A field of pigs cheered me immensely. Who doesn't love pigs? In the world of livestock, they are easily the cutest and most fun, better than lambs even. They seem so jolly and happy; in fact, one pig padded over to the fence as I passed, almost as if he wanted to say hello. Also, they taste great.
Another right and I was on a B road, normally a quiet country lane, but after the silent streets I'd been walking it may as well have been the M6. There were suddenly cars burning past me as I walked along the grass verge, past more farmhouses and black bags on the front drive by a sign saying Manure: £1. There was a caravan site which proudly advertised it was "adults only"; I immediately thought of all sorts of Carry on Behind-shenanigans involving strippers and swinging. Admittedly, a great deal of that thought was motivated by Elke Sommer, one of those minimally talented 1970s dolly birds with whom I have a bizarre obsession (see also: Anita Harris, Aimi Macdonald, Lorraine Chase - basically anyone who sat on the bottom row of Blankety Blank).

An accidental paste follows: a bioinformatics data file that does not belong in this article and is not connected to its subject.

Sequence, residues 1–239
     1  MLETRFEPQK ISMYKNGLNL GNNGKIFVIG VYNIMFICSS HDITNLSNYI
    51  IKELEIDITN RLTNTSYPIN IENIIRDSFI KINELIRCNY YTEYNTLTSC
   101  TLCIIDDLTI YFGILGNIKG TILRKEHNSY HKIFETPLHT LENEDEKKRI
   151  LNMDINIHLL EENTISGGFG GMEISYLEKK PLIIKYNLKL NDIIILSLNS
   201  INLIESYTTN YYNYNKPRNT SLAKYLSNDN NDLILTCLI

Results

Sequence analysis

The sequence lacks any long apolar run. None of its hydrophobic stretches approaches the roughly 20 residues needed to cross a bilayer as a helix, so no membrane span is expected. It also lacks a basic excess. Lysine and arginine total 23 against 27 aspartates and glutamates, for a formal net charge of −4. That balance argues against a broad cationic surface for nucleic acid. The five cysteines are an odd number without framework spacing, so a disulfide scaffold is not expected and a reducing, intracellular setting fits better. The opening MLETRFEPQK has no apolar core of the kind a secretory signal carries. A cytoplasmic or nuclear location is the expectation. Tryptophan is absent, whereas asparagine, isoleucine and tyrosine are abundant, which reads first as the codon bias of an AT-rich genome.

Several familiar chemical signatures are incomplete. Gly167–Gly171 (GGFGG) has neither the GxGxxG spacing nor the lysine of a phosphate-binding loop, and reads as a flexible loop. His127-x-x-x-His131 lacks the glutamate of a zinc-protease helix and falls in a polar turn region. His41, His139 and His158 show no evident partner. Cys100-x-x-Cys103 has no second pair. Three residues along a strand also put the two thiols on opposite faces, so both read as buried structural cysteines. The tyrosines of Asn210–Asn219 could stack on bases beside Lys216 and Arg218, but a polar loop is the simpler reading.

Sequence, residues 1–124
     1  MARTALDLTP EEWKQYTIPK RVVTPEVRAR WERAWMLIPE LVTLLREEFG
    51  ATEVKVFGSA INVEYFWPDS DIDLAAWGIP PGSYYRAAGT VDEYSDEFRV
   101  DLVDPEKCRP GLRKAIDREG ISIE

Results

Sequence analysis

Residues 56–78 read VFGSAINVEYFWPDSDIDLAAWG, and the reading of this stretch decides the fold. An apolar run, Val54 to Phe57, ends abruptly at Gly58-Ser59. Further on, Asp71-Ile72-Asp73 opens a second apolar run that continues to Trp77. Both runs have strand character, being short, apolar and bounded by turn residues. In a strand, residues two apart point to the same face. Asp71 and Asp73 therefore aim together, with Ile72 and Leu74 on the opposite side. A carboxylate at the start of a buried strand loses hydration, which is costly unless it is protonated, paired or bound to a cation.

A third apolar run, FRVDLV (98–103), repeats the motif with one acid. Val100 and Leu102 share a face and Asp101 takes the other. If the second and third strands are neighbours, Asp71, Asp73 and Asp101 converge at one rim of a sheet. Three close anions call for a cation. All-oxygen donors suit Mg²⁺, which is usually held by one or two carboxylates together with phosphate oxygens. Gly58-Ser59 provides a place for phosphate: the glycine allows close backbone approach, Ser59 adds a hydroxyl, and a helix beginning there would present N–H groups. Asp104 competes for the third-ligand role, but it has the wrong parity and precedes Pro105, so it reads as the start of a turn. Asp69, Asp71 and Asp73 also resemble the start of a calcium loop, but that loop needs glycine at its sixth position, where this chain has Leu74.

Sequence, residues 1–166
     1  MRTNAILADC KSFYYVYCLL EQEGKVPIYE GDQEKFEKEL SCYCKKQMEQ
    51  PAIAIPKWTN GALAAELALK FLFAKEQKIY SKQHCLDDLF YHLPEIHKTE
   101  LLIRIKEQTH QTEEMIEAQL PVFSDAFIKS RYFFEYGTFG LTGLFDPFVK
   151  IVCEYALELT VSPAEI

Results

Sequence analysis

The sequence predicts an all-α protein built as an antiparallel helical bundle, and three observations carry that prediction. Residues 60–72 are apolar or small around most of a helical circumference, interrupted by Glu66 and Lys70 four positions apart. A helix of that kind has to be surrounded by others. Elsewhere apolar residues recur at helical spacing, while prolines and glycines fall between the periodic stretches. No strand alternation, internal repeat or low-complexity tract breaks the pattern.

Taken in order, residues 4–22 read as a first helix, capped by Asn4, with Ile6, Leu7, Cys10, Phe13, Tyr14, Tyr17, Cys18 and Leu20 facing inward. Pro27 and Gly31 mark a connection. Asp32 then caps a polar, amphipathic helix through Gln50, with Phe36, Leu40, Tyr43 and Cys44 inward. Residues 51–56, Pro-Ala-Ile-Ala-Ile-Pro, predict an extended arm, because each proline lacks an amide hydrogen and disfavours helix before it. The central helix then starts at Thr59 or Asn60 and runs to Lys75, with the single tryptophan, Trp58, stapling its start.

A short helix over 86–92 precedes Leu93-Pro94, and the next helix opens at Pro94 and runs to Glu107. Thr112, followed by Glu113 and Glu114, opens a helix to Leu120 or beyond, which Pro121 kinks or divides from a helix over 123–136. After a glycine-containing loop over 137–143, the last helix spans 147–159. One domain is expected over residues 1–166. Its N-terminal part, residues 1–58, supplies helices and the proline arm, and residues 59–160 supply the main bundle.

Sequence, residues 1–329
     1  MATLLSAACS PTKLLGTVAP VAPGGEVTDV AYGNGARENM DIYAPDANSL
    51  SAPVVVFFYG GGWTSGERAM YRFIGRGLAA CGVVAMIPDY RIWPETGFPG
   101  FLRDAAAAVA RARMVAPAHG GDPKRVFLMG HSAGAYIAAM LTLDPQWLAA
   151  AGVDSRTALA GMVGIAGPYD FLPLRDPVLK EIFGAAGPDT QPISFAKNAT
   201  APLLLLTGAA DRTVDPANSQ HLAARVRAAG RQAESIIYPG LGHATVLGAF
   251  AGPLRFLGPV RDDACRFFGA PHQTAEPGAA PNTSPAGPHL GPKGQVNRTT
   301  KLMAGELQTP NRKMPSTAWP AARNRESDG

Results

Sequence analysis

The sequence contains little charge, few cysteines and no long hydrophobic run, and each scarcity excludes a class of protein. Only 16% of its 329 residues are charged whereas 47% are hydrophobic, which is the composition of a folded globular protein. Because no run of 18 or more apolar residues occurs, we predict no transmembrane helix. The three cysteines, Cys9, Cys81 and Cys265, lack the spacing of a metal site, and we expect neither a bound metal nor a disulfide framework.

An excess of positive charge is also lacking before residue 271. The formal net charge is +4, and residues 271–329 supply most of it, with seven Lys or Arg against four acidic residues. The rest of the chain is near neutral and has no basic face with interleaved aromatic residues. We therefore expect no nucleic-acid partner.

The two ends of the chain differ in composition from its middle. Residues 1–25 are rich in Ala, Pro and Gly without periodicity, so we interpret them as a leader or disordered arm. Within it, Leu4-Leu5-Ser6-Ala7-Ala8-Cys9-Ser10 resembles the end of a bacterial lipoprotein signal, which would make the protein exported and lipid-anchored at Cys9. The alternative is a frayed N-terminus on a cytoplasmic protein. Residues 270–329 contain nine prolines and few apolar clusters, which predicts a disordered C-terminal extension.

A wail of sirens signalled another level crossing, and more importantly, Howden station. It was a couple of platforms and a signal box either side of the road. I was twenty minutes early for the train, but the pub next door (the Barnes Wallis - he worked on airships near here) was resolutely closed. I remembered the strange opening hours from the last time I was on this side of the country. It was almost like they didn't want people to get drunk in the middle of the day.